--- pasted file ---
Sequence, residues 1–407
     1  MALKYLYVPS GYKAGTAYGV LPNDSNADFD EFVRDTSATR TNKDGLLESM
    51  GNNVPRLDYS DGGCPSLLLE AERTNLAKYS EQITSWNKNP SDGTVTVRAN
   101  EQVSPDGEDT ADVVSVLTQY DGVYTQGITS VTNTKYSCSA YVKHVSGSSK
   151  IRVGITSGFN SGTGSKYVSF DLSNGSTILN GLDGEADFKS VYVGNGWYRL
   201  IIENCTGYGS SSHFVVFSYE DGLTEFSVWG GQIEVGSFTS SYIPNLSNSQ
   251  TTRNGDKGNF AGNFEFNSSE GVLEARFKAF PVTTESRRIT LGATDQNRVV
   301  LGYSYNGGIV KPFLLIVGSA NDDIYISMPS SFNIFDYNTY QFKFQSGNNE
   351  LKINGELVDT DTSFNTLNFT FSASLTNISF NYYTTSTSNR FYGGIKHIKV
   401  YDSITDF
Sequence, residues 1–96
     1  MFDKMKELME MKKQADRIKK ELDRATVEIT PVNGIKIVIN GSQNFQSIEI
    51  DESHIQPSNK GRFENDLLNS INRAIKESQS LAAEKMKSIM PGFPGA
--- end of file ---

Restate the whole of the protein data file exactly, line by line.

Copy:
Sequence, residues 1–407
     1  MALKYLYVPS GYKAGTAYGV LPNDSNADFD EFVRDTSATR TNKDGLLESM
    51  GNNVPRLDYS DGGCPSLLLE AERTNLAKYS EQITSWNKNP SDGTVTVRAN
   101  EQVSPDGEDT ADVVSVLTQY DGVYTQGITS VTNTKYSCSA YVKHVSGSSK
   151  IRVGITSGFN SGTGSKYVSF DLSNGSTILN GLDGEADFKS VYVGNGWYRL
   201  IIENCTGYGS SSHFVVFSYE DGLTEFSVWG GQIEVGSFTS SYIPNLSNSQ
   251  TTRNGDKGNF AGNFEFNSSE GVLEARFKAF PVTTESRRIT LGATDQNRVV
   301  LGYSYNGGIV KPFLLIVGSA NDDIYISMPS SFNIFDYNTY QFKFQSGNNE
   351  LKINGELVDT DTSFNTLNFT FSASLTNISF NYYTTSTSNR FYGGIKHIKV
   401  YDSITDF
Sequence, residues 1–96
     1  MFDKMKELME MKKQADRIKK ELDRATVEIT PVNGIKIVIN GSQNFQSIEI
    51  DESHIQPSNK GRFENDLLNS INRAIKESQS LAAEKMKSIM PGFPGA